We caught up with James Wilson RGD, Principal at Overdrive Design, to reflect back on their branding for DesignThinkers 2015, Converge, Inspire, Transform.
1. What did taking on the DesignThinkers conference branding mean to you and your team at the time?
It was twofold.
1) Our relationship with the RGD goes back to a time when it was in its infancy. The decision to undertake the event was a no-brainer as a gesture of appreciation to the association’s steadfast advocacy for the profession and ongoing support for our studio over the years.
2) It was an opportunity to show off some chops to a discerning and informed audience on a project that we were mostly in control of. You know how you’ve heard: “Life would be better without clients?” It was kind of like that.
2. Explain your concept and how you and/or your team got there?
Each of the designers in the studio submitted an approach but a common thread of “data and analytics” seemed to reveal itself. Likewise, it’s not surprising that the notion of many speakers coming from various parts of the world to talk about many aspects of design to a diverse audience was also a common consideration. We also spring boarded off DT 2014 which was somewhat lighter in tone to push us a little in the opposite direction - not completely serious but I would classify our approach on DT2015 as having more of a concentration on traditional craft. This led to the creation of an aggregate image that we ended up calling “the Super Speaker”. This was actualized in a piece of sculpture which we used as a visual focal point across all pieces of collateral and mediums. A nod to the idea of data became infused throughout typographic details and the use of a grid of dots to represent bits, bytes, people, places and community. The sculpture also physically incorporated the idea of different perspectives. From the front, the sculpture presented itself as a cohesive single portrait composed of images taken of several individuals (studio members and friends) but as a viewer walked around the piece, it transformed itself into a profile of a single human head. This visual interplay in turn supported the tag line: Converge, Inspire, Transform.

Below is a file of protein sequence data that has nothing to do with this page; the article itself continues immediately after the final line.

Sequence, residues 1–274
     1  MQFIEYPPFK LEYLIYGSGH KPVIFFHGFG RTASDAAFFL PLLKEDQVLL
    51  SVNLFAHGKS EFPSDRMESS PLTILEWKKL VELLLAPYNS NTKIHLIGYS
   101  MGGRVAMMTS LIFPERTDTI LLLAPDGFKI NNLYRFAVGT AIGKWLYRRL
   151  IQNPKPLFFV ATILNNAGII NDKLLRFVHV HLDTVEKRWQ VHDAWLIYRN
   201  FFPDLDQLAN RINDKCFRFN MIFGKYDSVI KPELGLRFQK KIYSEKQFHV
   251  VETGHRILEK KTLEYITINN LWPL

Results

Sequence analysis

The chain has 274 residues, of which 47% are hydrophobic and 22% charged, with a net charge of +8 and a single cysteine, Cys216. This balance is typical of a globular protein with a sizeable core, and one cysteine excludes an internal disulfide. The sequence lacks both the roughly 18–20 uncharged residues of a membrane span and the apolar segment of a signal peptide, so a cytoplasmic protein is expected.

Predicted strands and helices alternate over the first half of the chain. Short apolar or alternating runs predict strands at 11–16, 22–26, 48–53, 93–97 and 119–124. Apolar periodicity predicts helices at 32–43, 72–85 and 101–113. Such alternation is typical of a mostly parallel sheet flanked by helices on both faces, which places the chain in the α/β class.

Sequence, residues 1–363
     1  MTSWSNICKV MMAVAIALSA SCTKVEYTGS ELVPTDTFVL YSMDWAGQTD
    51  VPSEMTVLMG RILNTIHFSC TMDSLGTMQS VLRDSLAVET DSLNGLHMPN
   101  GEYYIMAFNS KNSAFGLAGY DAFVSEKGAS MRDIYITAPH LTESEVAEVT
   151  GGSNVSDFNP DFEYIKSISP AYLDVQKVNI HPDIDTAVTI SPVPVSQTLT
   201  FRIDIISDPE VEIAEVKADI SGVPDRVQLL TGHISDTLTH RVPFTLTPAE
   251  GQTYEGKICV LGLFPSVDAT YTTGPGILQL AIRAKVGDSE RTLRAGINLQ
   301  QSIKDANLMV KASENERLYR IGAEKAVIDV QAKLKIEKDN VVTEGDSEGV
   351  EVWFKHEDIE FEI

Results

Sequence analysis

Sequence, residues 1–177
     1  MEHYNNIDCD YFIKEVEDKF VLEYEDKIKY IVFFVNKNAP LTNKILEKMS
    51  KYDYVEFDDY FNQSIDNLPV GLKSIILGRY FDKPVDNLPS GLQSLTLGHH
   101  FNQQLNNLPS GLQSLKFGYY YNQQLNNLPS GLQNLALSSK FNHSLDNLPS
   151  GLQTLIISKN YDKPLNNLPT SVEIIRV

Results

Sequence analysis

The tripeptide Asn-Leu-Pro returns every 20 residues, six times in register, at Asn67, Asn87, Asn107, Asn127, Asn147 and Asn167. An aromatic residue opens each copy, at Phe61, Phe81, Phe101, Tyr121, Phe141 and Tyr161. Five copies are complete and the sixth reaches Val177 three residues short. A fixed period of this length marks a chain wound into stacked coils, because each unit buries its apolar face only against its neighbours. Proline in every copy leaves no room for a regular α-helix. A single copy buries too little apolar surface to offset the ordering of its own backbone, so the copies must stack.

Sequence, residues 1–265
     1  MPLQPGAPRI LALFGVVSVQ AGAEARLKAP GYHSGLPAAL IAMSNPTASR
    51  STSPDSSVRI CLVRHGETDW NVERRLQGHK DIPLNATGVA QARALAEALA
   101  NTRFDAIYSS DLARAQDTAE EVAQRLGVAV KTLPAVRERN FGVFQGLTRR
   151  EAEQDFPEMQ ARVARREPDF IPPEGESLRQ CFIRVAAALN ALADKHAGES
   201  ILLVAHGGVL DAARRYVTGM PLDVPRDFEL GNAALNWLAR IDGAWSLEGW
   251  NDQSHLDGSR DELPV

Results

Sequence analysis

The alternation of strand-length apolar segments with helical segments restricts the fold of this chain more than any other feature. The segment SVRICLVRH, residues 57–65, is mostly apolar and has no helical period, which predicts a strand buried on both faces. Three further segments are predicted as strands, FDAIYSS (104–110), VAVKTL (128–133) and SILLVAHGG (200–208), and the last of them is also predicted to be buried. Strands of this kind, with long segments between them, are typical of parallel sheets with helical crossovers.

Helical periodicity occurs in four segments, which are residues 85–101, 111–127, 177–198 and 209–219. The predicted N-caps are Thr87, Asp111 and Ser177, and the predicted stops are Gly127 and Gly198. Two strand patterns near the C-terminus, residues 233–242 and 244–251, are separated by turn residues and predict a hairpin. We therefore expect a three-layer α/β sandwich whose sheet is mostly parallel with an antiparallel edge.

3. What was your biggest challenge being the Design Partner for DesignThinkers?
There were several, but for the most part no one to blame but ourselves. 1) Distilling down complexity and interweaving the number of ideas and levels of sub text in communication took more time than we expected. 2) Physically producing the sculpture was a sizeable undertaking. Figuring it out, tons of DIY in making it, many hands, many hours. 3) Scale. A pro-bono project like this requires substantial bandwidth on top of the usual studio workload and deadlines. A bit of a pressure cooker at times. 4) Our budget didn’t quite cover our vision which proved to be an expensive undertaking. 5) Finally, this one. The initial design specified die-cutting a grid of “data dots” out of all of the print collateral. In the first piece, the result was only half successful inasmuch as the die cutting kiss-cut the dots but didn’t punch them out so we sat down as a studio armed with toothpicks and manually popped out nearly a million tiny pieces of confetti. Needless to say the ensuing printed pieces did not undergo that particular special process.
4. How did it feel to present your work to a bunch of designers? And then see your work live during the event and witness people's reactions to it?
Our studio does a lot of work in the B2B space so getting the opportunity to be public facing with our peers and colleagues was really fantastic. I would describe the day of the event as giving birth with all of the joy and none of the pain. Reaction was great. Mostly positive but apparently also polarized as we heard from a couple of people who really didn’t like it as well. All good though. Everyone seemed to have an opinion versus none. The coolest part was watching people use the Sculpture as a landmark in the main atrium to “gather” or to take selfies and talk about the event. And…we continue to get residual airplay from the project. 5. What are you most proud of from your own experience? Is there anything you would have done differently? Most proud: Getting it done. In terms of horsepower and sheer output I felt the members of the studio lifted well above their weight. Everyone pulled together with real effort and commitment. Done differently: Never hand punch a million dots out of thousands of pieces of paper ever again.
6. What has been your favourite DesignThinkers branding, besides your own, and why?
Now that we have first hand knowledge of what every other studio went through to get this out their particular door, there’s only respect. Did I just escape that question?